Specific Investigations in Nonulcer Dyspepsia

Esophagogastroduodenoscopy and Helicobacter pylori

Although most dyspepsia in clinical practice is functional, the diagnosis of functional dyspepsia is a diagnosis of exclusion. A search for organic etiologies should be undertaken, because therapy for many organic causes is more satisfying than therapies for functional disorders. Age, symptoms and practical concerns of the patient and physician should guide investigation of the patient's symptoms. Endoscopy is essential in making the diagnosis of nonulcer dyspepsia. In a gastroenterology practice, essentially all patients referred for evaluation of dyspepsia will have already been tested and treated for Helicobacter pylori. Empiric determination of H. pylori status in patients with uninvestigated dyspepsia is an arguable strategy that is heavily dependent upon the prevalence of H. pylori infection and peptic ulcer disease in the population being served (Jones, 2003). Although opinions remain divided, eradication of H. pylori in patients with nonulcer dyspepsia offers a net therapeutic gain of about 9% beyond placebo (Moayyedi et al,2000).

Other Testing

Other modalities used in the evaluation of functional dyspepsia are listed in Table 30-2. Ultrasonography is commonly employed in the evaluation of dyspepsia. In general, pancreaticobiliary disease can be distinguished clinically from dyspepsia. Findings need to be carefully weighed against symptoms prior to undertaking further diagnostic or therapeutic interventions that often have associated morbidity and mortality. Scintigraphic measures of gastric emptying are also commonly performed but of limited value. An abnormal gastric emptying test is neither diagnostic nor predictive of a response to prokinetic agents. A similar and even more robust case can be made for elec-trogastrography. Gastroduodenal manometry is generally helpful only if pseudo-obstruction or a partial small bowel obstruction is clinically suspected. Finally, gastric sensory testing does not yet have an established clinical role and the concept of visceral hypersensitivity has not fully distinguished itself from hypervigilence (Whitehead and Palsson, 1998).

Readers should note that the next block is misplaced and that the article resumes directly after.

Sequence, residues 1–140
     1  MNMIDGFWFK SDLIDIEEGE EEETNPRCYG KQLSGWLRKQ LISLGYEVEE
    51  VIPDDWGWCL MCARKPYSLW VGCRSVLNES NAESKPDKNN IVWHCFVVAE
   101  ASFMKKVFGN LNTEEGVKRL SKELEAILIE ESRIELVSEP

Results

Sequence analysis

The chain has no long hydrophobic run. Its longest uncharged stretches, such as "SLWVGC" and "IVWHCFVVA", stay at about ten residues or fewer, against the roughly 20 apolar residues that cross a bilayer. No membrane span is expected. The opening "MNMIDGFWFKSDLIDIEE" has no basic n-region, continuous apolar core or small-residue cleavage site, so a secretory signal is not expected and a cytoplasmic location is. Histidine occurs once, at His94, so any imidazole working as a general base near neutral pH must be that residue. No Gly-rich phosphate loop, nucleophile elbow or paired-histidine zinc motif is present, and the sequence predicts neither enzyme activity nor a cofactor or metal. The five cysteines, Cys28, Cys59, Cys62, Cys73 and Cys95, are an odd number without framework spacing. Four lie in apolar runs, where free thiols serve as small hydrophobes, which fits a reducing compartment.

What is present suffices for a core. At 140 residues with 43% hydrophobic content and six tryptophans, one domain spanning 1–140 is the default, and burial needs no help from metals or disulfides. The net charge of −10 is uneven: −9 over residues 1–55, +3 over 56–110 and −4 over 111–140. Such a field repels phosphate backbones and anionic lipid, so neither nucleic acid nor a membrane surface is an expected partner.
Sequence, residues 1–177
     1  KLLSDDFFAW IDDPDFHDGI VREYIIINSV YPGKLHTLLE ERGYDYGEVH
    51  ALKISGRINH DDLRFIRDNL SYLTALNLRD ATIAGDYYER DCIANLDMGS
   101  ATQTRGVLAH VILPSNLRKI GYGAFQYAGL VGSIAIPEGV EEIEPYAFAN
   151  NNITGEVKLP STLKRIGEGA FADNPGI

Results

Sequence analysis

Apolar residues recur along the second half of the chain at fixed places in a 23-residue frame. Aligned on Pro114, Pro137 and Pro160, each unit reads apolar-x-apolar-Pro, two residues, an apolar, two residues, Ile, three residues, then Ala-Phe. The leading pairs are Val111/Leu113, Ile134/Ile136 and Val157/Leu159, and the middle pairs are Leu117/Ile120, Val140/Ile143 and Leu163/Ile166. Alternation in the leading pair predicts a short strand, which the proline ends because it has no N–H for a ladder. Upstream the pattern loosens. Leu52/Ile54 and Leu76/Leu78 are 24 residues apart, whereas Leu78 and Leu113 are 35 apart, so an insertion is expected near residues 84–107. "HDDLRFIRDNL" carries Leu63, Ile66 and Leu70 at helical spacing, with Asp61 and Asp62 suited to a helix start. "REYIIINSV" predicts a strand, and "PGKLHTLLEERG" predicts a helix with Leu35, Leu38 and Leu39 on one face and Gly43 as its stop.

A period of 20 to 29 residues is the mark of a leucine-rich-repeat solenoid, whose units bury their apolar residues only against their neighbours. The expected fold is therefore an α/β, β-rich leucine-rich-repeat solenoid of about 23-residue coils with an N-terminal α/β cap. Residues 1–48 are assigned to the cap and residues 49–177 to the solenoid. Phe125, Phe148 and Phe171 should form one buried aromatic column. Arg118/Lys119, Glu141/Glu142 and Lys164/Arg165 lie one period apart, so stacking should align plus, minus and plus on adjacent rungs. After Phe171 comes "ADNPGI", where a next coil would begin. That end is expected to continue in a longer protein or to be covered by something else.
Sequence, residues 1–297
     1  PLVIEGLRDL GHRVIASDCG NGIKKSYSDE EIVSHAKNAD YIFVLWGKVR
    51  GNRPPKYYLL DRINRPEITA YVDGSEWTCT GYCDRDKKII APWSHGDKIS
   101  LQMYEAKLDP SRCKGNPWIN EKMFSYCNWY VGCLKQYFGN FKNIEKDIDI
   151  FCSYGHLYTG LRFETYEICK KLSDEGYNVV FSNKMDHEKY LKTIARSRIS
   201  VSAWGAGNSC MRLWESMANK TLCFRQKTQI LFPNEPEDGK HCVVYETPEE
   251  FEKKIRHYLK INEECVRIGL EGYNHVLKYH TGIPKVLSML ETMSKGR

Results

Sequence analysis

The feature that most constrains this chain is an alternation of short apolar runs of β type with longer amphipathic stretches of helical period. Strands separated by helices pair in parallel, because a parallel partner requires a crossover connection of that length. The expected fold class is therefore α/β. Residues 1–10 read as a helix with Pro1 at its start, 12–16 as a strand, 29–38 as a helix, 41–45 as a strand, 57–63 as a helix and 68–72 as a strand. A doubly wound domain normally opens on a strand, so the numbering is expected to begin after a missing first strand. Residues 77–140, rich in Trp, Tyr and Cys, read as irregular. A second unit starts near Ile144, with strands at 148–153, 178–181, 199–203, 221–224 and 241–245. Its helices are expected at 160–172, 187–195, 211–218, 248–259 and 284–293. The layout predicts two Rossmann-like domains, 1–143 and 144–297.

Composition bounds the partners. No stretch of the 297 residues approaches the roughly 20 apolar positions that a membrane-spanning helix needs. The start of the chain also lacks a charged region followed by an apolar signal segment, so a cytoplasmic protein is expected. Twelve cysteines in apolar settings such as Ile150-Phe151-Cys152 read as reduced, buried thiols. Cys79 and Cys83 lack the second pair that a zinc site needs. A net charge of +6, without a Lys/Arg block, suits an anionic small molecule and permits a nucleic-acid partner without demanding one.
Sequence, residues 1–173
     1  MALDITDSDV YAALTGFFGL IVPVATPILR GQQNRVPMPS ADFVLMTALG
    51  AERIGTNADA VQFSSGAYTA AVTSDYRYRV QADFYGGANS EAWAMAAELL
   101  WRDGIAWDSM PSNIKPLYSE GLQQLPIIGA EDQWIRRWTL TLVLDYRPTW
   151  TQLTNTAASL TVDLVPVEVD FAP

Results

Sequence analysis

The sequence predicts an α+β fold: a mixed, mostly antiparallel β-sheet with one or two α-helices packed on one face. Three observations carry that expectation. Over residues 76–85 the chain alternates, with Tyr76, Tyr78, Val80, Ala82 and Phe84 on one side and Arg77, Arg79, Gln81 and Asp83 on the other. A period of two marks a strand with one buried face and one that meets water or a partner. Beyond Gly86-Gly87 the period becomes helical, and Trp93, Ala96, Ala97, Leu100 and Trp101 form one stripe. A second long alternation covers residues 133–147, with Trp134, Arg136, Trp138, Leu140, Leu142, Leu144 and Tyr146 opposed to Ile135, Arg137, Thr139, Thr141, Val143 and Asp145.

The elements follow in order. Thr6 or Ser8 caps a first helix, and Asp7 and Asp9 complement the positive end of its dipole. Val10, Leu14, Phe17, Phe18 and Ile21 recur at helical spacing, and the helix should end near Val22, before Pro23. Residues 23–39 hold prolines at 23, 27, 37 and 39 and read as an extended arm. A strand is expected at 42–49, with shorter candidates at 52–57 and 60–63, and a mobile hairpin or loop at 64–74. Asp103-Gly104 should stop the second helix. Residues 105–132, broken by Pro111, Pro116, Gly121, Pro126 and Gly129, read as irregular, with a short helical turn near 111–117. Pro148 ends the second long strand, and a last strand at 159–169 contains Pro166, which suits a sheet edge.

Psychometric Testing

Although not generally regarded as the realm of the gastroenterologist, psychometric testing is often clinically rewarding as it provides an objective, nonjudgemental measurement of certain behaviors and attitudes. From a practical standpoint, in the patient with refractory dyspeptic symptoms and an extensive negative evaluation, more diagnostic information will be obtained by ascer taining the patient's tendency towards somatization or their illness behavior than will be gained by performing more invasive and obscure tests of digestive anatomy or function. Several simple self-administered measures are available in this setting. Perhaps the most widely used instrument is the Symptom Checklist-90-R (SCL-90-R). The SCL-90-R is a self-reporting, clinical symptom rating scale consisting of 90 questions (Derogatis and Covi, 1973).

Responses indicate symptoms associated with nine psychiatric constructs. These constructs are somatization, obsessive-compulsive behavior, feelings of inadequacy or inferiority (interpersonal sensitivity), depression, anxiety, hostility, phobic anxiety, paranoid ideation, and psychoti-cism. SCL-90-R scores for a group of 73 controls and 92 patients with nonulcer dyspepsia are shown in Figure 30-1. There are significant differences for all scales and profound differences for the somatization and depression. It should be kept in mind that these measures are not diagnostic of any psychiatric disorder and responses must be considered within the context of the clinical scenario and psychosocial history.

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